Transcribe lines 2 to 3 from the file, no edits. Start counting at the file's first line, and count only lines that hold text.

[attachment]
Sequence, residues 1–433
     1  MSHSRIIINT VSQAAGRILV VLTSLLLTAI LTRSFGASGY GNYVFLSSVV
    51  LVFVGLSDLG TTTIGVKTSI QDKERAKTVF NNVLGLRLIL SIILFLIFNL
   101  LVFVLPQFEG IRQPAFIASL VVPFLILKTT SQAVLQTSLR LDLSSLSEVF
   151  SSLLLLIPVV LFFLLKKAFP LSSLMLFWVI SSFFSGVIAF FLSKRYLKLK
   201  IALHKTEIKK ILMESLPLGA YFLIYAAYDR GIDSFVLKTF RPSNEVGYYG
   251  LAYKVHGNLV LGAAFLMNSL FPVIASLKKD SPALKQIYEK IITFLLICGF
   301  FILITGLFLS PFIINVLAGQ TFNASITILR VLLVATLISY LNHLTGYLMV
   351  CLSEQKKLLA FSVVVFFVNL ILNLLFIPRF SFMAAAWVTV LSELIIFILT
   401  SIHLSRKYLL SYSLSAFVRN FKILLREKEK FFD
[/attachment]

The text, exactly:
     1  MSHSRIIINT VSQAAGRILV VLTSLLLTAI LTRSFGASGY GNYVFLSSVV
    51  LVFVGLSDLG TTTIGVKTSI QDKERAKTVF NNVLGLRLIL SIILFLIFNL